How will the school system close a potential $30 million deficit this coming fiscal year?
Not with the help of a bailout from the city or the state, according to city financial staff and the mayor’s proposed budget.
The New Haven Public Schools’ (NHPS) financial woes were at the center of the latest monthly meeting of the Financial Review and Audit Commission (FRAC) on the second floor of City Hall.
A half-dozen budget watchdogs showed up for the hour-and-a-half-long meeting, which was the independent financial review board’s first public get-to-together since Mayor Toni Harp released her proposed $556.6 million new fiscal year operating budget.
FRAC commissioners asked city financial staffers at the meeting Tuesday evening how they think the Board of Education will close a projected deficit of up to $30 million next fiscal year with only a $750,000 proposed increase in funding from the city. The new fiscal year begins July 1.
Beyond pledging to work more closely with the schools’ financial staff, Acting City Budget Director Michael Gormany and City Controller Daryl Jones had few specifics.
“I think on this side we have a lot of concerns just looking at the Board of Education in general,” Gormany said. “I think we have a lot of work to do.”
“That’s still being reviewed from our side,” Jones added.
The mayor’s proposed budget includes a $750,000 increase to the Board of Education, bringing the proposed total schools budget to $187.9 million.
But city dollars make up only a percentage of the annual budget of the Board of Education, which is a department of the city but a creature of the state.
According to Gov. Ned Lamont’s proposed state budget, the city’s Board of Education should receive $142.5 million in unrestricted Education Cost Sharing (ECS) grant money next fiscal year.
That’s $272,323 less than the city received in unrestricted ECS for the current fiscal year, and essentially the same amount that the city has received from the state every fiscal year since FY2012, according to the mayor’s budget.
The city expects no increase in unrestricted state education funding, which can be used for general operating expenses like teacher salaries. But FRAC Chair Mohit Agrawal noted that the governor’s proposed budget does include a $2.6 million increase in ECS Alliance Grant funding for New Haven, bumping that funding source from around $15.5 million to $18.1 million for next fiscal year. The governor’s budget proposes increasing Alliance Grant funding even further to $20.7 million for Fiscal Year 2020-2021 (FY21).
“How does that affect the way we fund education?” Agrawal asked.
Gormany said that, unlike with unrestricted ECS money, Alliance Grant funds are restricted for specific projects such as training educators or supporting high-needs students or investing in technology and school operations.
Furthermore, the city’s Board of Education has to apply for all Alliance Grant funds, Gormany noted. “It’s not guaranteed money,” unlike the unrestricted ECS.
But, Agrawal said, the mayor’s proposed budget seems to assume that the Board of Education will receive all $18.1 million in Alliance Grant funding next fiscal year.
“On the grants side,” Gormany said, “we give estimations of the major grants that we’re gonna get. Nothing’s in stone until you apply for it.”
Jones added that the governor’s proposed budget includes a provision that would allow municipalities to use up to 50 percent of the increase in Alliance Grant funding on schools general operating expenses.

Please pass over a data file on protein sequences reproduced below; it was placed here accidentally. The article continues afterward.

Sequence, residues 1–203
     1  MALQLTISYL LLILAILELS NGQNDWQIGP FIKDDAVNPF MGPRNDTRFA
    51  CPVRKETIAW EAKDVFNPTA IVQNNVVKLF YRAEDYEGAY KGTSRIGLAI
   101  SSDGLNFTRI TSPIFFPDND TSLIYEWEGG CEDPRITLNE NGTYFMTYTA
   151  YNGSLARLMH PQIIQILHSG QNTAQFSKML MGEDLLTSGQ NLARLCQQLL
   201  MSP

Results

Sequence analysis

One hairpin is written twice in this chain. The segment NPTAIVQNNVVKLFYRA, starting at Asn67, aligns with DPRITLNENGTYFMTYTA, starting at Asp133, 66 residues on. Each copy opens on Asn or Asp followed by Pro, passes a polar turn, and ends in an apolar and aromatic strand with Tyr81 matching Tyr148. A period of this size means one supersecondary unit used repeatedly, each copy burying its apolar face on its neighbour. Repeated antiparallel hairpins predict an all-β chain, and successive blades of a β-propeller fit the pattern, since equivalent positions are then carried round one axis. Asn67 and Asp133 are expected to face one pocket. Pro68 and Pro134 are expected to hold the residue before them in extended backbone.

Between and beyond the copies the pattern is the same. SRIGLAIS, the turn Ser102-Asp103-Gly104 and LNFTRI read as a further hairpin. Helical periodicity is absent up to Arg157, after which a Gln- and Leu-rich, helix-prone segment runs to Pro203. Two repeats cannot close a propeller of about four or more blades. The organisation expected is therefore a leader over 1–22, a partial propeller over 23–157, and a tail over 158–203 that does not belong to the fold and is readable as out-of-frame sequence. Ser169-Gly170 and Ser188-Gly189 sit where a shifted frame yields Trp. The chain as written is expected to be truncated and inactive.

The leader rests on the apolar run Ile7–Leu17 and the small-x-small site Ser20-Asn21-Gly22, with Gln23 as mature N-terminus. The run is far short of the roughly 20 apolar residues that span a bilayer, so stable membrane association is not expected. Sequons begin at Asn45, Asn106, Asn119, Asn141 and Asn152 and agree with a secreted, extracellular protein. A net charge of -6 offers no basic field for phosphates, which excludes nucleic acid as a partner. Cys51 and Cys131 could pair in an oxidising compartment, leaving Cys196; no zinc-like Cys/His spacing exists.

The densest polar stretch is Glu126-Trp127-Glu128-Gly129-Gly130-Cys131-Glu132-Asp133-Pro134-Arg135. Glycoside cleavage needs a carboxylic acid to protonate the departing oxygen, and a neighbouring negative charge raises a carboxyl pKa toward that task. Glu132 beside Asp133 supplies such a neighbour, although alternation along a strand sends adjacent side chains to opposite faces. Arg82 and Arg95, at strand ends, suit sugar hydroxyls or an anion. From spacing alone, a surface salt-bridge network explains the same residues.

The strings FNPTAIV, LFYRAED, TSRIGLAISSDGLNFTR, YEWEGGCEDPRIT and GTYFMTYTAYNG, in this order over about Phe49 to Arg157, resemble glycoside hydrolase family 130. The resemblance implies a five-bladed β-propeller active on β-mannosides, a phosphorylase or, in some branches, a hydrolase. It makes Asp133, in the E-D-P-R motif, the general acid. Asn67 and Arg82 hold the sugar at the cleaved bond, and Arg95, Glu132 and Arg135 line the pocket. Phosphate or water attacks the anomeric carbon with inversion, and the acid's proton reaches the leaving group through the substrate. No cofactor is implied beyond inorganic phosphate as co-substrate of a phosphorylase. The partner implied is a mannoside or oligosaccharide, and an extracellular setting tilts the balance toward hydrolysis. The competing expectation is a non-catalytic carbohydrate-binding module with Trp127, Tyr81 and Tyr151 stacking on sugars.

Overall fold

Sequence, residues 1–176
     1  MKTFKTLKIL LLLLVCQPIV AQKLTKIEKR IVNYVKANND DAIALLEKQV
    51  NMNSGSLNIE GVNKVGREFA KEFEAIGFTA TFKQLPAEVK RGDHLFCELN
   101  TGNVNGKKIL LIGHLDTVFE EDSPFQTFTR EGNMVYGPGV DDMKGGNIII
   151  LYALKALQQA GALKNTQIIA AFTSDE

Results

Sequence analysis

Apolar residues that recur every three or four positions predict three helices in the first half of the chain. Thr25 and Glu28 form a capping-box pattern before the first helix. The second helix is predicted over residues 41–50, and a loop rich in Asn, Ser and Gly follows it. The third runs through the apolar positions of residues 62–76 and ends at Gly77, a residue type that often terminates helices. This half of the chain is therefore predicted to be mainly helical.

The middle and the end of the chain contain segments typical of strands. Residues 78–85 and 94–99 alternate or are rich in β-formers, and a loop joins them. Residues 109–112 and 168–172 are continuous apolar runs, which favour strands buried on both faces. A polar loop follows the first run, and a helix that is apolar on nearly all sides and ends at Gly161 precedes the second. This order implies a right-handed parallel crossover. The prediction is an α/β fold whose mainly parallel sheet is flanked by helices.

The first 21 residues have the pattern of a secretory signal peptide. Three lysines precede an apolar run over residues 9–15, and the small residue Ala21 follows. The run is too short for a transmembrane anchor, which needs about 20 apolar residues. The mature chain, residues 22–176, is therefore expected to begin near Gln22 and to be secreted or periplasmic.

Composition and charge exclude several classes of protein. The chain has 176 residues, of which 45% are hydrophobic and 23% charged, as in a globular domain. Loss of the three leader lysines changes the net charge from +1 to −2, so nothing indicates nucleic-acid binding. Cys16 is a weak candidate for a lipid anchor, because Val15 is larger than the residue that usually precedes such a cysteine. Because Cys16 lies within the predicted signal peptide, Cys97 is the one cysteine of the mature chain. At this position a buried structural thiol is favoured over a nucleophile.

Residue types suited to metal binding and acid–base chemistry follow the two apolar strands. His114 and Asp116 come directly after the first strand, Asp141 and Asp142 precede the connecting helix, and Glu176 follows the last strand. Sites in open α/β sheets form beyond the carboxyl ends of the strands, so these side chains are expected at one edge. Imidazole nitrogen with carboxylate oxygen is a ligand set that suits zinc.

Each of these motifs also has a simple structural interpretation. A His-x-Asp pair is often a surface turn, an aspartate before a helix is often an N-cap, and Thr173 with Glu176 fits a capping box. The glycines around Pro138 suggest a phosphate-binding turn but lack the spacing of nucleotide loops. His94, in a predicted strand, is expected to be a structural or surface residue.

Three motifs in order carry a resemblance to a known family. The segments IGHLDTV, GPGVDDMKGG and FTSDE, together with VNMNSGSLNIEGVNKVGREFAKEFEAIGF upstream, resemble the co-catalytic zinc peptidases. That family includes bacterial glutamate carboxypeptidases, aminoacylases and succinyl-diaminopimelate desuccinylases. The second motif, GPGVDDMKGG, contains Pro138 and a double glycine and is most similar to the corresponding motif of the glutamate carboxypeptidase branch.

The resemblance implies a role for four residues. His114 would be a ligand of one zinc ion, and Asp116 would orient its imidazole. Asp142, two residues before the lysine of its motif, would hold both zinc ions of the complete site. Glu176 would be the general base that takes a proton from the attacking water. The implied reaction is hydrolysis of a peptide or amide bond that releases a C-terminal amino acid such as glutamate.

So, Gormany said, a little over $1 million of the $2.6 million proposed increase in Alliance Grant funds could potentially be used to help defray local school operating costs. “But,” he said, “that has to be approved by the state.”
In the big picture, Agrawal pressed, how do city officials think the Board of Education can close its deficit? The latest monthly financial report projects that the Board of Ed will end the current fiscal year with a $8.9 million deficit. Last month, Superintendent Carol Birks estimated that the school system could face a $30 million deficit next fiscal year in a worst-case scenario, and could face a $10 million deficit next fiscal year in a best-case scenario.
With only $750,000 more from the city and no new unrestricted ECS from the state, Agrawal asked, “how do we square that?”
Gormany said that the $30 million deficit projection is if the school system makes no cuts to personnel, transportation, or other fixed costs. The $10 million deficit projection, he said, assumes a variety of pretty drastic cuts to the school system.
“How do we get from 10 to 0?” Agrawal asked.
Gormany said that he and Jones are working with the school system on that, but that they are concerned, especially since the school system does not currently have a chief financial officer and hasn’t had once since the middle of last year.
Before the meeting ended, Wooster Square resident Aaron Goode asked about the governor’s new proposal that towns and cities cover 25 percent of the “normal cost” of teacher pensions. Does the mayor’s current budget take that new cost into account? he asked.
It does indeed, Jones said. The city plans to contribute $183,768 next fiscal year towards the State Teacher Retirement System. Since New Haven qualifies as a “distressed municipality” from the state’s perspective, he said, New Haven only has to contribute 5 percent of the “normal cost” of its teacher pensions. Agrawal explained that “normal cost” refers to the amount required to pay the pensions for currently employed teachers, not taking into account the pension fund’s current unfunded liabilities.
Jones said that, since New Haven is the second largest school system in the state, he was a bit relieved to see that New Haven’s required teacher pension contribution for next fiscal year is only $183,000.
“We expected to be paying a lot more,” he said.